Enjoying the Journey
The wisest man who ever lived wrote, “Death and life are in the power of the tongue” (Proverbs 18:21). Death is mentioned first because it is what naturally comes out. Only the grace of God can enable us to speak life.
Those of us that basically talk for a living are always in danger. I was recently reminded of yet another of Solomon’s proverbs, “In the multitude of words there wanteth not sin” (Proverbs 10:19). The more we speak, the more apt we are to say something that is hurtful to God, to others, and to ourselves.
Perhaps one of the most cutting types of language is the use of sarcasm. Some of us have perfected it and assumed that it was God’s method of dealing with ignorant people. I have studied the Bible carefully and have come to the conclusion that sarcasm is not a spiritual gift. In fact, it is far removed from anything spiritual; it is fleshly.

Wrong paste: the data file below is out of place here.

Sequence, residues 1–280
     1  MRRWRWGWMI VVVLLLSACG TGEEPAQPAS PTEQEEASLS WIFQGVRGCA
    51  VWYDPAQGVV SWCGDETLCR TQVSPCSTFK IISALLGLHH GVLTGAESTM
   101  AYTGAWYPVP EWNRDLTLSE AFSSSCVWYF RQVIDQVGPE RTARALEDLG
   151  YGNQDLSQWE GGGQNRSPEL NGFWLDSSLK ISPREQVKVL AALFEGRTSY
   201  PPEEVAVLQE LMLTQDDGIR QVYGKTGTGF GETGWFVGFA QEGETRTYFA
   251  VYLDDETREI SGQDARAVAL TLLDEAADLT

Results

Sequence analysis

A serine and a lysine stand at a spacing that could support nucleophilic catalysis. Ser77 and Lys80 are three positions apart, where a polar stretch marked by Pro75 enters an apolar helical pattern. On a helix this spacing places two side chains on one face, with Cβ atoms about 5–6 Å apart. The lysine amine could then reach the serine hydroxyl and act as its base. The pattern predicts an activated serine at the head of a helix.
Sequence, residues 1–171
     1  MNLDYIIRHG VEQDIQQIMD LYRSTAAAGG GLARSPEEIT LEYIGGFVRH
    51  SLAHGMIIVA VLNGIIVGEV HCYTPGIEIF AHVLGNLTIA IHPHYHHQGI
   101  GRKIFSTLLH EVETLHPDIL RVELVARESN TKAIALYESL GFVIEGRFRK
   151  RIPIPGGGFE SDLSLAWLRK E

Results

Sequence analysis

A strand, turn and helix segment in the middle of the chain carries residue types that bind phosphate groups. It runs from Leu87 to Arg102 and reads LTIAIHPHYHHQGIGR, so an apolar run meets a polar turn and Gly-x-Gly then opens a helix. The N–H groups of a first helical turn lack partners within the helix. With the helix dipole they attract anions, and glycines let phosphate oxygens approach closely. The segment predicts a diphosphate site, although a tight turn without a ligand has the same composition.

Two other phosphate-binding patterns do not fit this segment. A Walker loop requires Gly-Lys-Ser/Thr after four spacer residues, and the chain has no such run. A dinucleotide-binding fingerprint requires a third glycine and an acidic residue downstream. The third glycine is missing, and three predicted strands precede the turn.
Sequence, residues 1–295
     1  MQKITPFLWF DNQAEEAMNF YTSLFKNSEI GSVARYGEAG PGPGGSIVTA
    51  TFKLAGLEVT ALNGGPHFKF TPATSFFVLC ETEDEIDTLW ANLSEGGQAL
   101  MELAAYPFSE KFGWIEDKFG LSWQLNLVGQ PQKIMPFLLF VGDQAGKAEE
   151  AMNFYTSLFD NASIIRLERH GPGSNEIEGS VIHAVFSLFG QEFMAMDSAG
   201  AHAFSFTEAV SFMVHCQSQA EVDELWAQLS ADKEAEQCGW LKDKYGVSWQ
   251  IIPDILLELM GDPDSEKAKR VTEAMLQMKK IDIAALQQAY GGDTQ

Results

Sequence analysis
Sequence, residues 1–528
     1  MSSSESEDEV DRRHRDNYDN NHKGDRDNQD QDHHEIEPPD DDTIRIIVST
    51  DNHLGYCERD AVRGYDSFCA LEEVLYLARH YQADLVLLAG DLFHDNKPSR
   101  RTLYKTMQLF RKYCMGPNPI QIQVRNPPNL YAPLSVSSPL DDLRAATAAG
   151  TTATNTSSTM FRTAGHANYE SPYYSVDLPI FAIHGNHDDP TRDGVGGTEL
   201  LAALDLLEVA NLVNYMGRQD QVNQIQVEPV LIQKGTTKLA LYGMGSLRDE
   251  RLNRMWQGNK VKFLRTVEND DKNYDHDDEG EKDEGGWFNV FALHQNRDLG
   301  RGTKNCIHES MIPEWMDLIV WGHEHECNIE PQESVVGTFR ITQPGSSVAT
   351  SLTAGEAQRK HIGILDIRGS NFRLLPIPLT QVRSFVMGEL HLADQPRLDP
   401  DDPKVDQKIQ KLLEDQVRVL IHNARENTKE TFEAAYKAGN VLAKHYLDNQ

By definition, sarcasm is “a cutting remark intended to wound.” Wounds are sometimes necessary, but the right type of wounds are given in love. The wounds of a friend are always given to help, not to harm. Sarcastic people are more concerned about themselves than they are another person.
Sarcasm is the tone of a prideful heart. It is intended to make others look foolish in hopes that self can look wise. Sarcasm is the fruit of thinking that I know everything and others know nothing.
It is significant that the all-wise God of the universe does not speak to man in sarcasm. He could. He knows everything. But His heart of love is demonstrated in the kindness that He shows…even to ignorant people like me. The only cure for sarcasm is to see God as He is, ourselves as we really are, and others as God sees them. It is not a language issue; it is a heart issue.
Remember that it is better to get God’s smile than to get a laugh from those around you. Let’s make this our prayer:
“Let the words of my mouth, and the meditation of my heart, be acceptable in thy sight, O LORD, my strength, and my redeemer” (Psalm 19:14).